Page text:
Saturday, April 12, 2008

Making my 2007 Roth IRA contribution

I just made my 2007 Roth IRA contribution yesterday, electronically using Fidelity. I was unable to make a full $5,000 ($4,000 if you are under 50) contribution since my income in 2007 was too high. Now the question is what to do with that cash. By default, it sits in the Fidelity Cash Reserves money market fund (FDRXX) which currently has a 2.83% 7-day yield.

My current top contender is to go with the Fidelity Freedom Fund 2025 (FFTWX), a so-called "life-cycle fund" (actually, a "life-cycle target-date fund") which will automatically rebalance its portfolio to less stock and more fixed income as it gets closer to that target retirement year of 2025. The main attraction of such a fund is that my account can run on auto-pilot literally for the rest of my life and is 100% in alignment with investing for retirement with a larger share of stocks now and declining as I get close to my target retirement year of 2025. Now, whether this fund actually is setup to work well for me is a debatable point, but in principle it sounds ideal. I have other retirement funds that I can be more aggressive with, but having a core in stable, semi-aggressive, auto-pilot mode, and in-sync with my retirement plans seems to make a lot of sense.

The downside is that I probably wish it was more aggressive. I could compensate for that by using a later target date, such as the Fidelity Freedom Fund 2035 (FFTHX).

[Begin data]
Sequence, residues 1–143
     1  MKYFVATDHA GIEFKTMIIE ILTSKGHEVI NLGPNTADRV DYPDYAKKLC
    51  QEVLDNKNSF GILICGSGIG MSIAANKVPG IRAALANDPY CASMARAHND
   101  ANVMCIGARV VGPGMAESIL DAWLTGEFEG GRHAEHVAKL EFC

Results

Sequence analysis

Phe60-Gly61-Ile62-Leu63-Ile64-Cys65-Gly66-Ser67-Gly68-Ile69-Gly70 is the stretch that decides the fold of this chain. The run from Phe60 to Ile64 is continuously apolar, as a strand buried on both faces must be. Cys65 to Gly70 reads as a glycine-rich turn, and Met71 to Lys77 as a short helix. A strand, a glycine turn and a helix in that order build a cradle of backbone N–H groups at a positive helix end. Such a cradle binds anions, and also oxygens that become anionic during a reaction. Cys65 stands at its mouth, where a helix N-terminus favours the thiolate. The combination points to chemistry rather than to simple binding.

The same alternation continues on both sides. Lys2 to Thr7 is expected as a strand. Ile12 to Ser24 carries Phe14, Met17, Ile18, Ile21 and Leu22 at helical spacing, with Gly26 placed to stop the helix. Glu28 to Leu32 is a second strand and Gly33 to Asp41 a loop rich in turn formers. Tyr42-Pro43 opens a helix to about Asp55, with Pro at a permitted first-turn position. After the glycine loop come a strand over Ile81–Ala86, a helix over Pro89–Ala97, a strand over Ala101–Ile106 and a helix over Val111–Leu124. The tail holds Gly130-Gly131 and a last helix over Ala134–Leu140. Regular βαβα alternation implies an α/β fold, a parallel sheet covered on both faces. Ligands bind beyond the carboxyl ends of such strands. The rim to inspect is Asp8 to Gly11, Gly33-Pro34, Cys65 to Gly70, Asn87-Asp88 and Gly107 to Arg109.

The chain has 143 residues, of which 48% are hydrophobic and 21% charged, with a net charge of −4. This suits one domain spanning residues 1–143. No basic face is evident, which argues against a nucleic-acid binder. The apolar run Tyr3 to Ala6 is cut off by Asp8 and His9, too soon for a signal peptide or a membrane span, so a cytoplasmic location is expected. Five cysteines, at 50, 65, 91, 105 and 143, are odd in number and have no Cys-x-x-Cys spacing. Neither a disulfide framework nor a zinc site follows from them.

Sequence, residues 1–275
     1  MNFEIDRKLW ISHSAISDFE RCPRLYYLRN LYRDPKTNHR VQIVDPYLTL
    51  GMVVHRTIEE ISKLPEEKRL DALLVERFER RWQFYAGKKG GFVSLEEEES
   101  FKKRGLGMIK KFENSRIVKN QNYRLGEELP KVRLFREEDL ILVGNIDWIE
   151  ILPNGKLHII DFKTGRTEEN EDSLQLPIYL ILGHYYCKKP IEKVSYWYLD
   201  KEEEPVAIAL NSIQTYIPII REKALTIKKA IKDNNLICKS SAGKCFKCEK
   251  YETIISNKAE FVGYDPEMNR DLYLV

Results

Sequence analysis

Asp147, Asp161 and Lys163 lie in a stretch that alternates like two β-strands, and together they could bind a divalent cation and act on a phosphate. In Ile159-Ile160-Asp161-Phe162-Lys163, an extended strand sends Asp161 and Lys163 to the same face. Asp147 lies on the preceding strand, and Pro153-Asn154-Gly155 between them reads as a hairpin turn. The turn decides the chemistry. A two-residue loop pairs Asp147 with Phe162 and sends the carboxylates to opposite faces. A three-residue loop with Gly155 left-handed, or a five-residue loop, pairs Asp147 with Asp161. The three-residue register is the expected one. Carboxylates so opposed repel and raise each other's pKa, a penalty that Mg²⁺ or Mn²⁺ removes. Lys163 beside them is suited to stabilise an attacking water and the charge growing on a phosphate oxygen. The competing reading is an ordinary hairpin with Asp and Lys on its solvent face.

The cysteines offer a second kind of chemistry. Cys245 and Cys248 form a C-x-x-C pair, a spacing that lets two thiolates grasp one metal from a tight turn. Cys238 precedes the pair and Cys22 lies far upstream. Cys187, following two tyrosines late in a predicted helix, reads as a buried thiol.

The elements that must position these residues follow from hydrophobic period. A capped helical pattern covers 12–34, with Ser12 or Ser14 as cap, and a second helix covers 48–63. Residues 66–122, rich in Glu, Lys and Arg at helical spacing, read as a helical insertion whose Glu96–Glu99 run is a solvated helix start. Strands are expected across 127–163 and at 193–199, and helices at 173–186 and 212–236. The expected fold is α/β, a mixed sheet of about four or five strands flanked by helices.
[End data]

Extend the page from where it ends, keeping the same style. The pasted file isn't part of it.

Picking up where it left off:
I am sure that there are plenty of funds which will likely give a much better rate of return, but quite probably with the risk that I will need to watch them and then get out of them when they "peak" and start to fall out of favor. My view is that life cycle retirement funds are only going to increase in appeal as the population ages and people see their retirements less than 20 years away. I think that people in general really want their retirement planning to be on auto-pilot as much as possible and even doing an investment assessment once a year is more mental and emotional effort than they are interested in. Sure, the price is lower return, but the payoff is in piece of mind and sleeping soundly at night.

But, make no mistake, a life-cycle target-date fund more than a few years from its target date has a lot of stock and is susceptible to stock market gyrations. For example, on Friday when the Dow fell over 2%, the Fidelity Freedom Fund 2025 (FFTWX) fell by 1.3%, and is down -6.75% year-to-date, and down -2.00% over the past year. The key here is not that there might be fluctuations and periods of decline, but that you do not need to waste time second-guessing the markets and can for the most part ignore what goes on down on Wall Street.

There are a number of other investment companies offering a variety of life-cycle funds, but since I keep most of my assets at Fidelity, I will probably stick with them until I hear a compelling case otherwise.

If nothing else, investing in one of these Freedom life-cycle funds will give me something interesting to blog about that other people may be interested in.

I will probably go ahead and invest in the "2025" for my Fidelity Roth account unless I change my mind (or some reader can help to change it for me) over the next 36 hours. Tick... tick... tick...

-- Jack Krupansky

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